I’m kind of a sucker for ‘war movies.’ Maybe it’s because whenever a war film or Spaghetti Western was on TV when I was a child, my father would stop to watch it even if it was only the last five minutes. I don’t recall showing much interest in said films but perhaps it sank into my psyche. Or maybe it’s because while I’m in the military, I’m not exactly in a ‘military’ career and my idea of danger is forgetting to discharge a capacitor before troubleshooting something so these movies are a chance to live vicariously. Maybe I should be talking about this to a psychologist rather than rambling.
Regardless of the reason, I have been jonesing to see American Sniper for months and I finally got my chance this weekend. How does the new Clint Eastwood film stack up against recent films like, Zero Dark Thirty and The Hurt Locker?
Fairly well, actually. Like the other two films this isn’t a movie about people in war. It’s about people whose life is structured around war. In American Sniper, Bradley Cooper is Chris Kyle, a good ol’ boy from Texas who enlists in the Navy after seeing the August 1998 attacks on U.S. embassies in Tanzania and Kenya. Determined to do everything he can to save lives and protect his country, he successfully becomes a Navy SEAL.
In the process it’s discovered that not only is Chris a natural with a sniper rifle, he is the best of the best when it comes to ‘overwatch,’ keeping an eye on the surroundings and picking off danger from a distance while the grunts clear houses door-to-door. He soon becomes a legend (they literally call him The Legend) as he racks up the most confirmed kills of any sniper deployed to the region.
However Chris is not content with his accomplishments as long as an enemy sniper, Mustafa (Sammy Sheik), continues to operate. A former Olympic champion, Mustafa is an elusive and skilled enemy who fades away every time the American forces get near his position.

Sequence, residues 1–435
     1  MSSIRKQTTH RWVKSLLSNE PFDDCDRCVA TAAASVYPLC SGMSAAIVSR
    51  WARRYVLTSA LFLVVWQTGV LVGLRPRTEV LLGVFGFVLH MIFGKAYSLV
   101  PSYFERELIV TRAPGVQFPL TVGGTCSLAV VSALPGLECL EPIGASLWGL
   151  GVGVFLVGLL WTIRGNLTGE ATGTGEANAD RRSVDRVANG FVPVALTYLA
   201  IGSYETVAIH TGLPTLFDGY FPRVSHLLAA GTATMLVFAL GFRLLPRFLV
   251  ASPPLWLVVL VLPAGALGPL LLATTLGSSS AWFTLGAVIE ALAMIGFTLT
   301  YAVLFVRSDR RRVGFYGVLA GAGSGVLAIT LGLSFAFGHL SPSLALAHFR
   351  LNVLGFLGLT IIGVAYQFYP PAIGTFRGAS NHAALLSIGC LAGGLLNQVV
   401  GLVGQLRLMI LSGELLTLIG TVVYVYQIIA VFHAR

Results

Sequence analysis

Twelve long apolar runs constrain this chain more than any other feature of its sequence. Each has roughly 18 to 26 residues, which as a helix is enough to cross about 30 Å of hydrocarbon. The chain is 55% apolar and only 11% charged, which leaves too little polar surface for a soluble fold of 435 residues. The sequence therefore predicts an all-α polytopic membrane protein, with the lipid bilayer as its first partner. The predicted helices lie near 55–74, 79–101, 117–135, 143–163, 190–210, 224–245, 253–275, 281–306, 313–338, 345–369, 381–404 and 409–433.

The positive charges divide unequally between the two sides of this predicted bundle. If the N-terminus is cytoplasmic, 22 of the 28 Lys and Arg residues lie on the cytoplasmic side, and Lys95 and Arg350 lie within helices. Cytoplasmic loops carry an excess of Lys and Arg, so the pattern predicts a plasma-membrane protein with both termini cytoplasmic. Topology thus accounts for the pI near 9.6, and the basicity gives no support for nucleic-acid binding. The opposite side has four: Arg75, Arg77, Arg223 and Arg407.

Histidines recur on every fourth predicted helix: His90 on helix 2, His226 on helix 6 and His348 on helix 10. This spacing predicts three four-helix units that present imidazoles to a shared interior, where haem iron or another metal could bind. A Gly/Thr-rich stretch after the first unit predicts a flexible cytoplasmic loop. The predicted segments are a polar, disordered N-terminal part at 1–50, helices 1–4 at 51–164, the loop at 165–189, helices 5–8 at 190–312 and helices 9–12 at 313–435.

If this sounds like it makes for an excellent war movie, you would be right. But the reason I compared American Sniper to the two films mentioned above and not Saving Private Ryan or Black Hawk Down is because the film exists in two worlds. Outside of war-torn Iraq, Chris meets, falls in love with, marries, and has children with Taya (Sienna Miller). These are the scenes that makes the film stand out as different from ‘standard’ war movies (before you crucify me, I said ‘standard’, not ‘bad,’ imaginary angry voices.)
While Chris excels as a SEAL and is constantly driven to succeed, every time he comes home from a deployment more and more of his humanity seems to be missing. Made jumpy by loud noises, prone to zoning out and unable to talk about his experiences to Taya, the film manifests PTSD in a powerful, sympathetic way.
But thank god for Sienna Miller. While Cooper plays his character very well, there’s only so much an actor can do when told to portray inner conflict for most of a film. Miller brings humanity and honest emotions to the screen and gives the audience a lot of insight into what thousands of spouses are going through right this minute.
I have a few friends with PTSD, and though none of them seem to have issues this pronounced, the film consistently points out how damaging it can be to everyone involved. PTSD is not something that should be ignored. Eastwood could have made this a heroic biographical film about a sniper who overcame all adversity, one who stayed calm and cool and never suffered a moment’s doubt as he loyally defended America. Instead he humanized Chris Kyle and demonstrated that no matter what your motivations, you’re still human and humans can’t just turn off their thoughts and emotions.